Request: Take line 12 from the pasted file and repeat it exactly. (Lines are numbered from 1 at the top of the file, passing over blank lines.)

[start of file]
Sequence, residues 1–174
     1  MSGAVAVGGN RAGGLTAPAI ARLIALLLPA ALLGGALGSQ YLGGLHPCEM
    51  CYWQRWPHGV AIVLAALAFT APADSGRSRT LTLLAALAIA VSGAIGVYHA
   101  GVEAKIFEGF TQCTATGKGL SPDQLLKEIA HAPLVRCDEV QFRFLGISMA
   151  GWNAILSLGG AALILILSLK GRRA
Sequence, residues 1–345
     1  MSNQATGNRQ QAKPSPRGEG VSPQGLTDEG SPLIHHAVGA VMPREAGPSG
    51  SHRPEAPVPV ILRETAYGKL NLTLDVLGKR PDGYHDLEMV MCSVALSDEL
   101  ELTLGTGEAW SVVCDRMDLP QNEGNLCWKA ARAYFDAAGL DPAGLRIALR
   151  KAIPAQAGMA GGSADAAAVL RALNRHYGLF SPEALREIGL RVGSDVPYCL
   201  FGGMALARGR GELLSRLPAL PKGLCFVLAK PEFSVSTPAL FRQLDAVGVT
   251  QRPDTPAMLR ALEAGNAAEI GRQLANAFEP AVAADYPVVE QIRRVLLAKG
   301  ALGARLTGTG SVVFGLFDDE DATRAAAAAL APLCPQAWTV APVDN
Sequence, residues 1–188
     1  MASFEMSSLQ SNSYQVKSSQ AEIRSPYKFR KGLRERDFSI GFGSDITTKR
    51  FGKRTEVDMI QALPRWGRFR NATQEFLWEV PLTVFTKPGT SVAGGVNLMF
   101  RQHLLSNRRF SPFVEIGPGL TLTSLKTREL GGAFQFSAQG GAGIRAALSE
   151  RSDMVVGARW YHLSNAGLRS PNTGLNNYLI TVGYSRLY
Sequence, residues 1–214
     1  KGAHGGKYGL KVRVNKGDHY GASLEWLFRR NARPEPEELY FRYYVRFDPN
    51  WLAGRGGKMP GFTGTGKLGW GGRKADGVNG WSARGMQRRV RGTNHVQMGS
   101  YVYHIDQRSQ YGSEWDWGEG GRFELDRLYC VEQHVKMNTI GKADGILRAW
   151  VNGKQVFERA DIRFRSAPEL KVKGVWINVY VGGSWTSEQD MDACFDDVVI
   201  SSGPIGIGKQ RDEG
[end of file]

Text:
   251  QRPDTPAMLR ALEAGNAAEI GRQLANAFEP AVAADYPVVE QIRRVLLAKG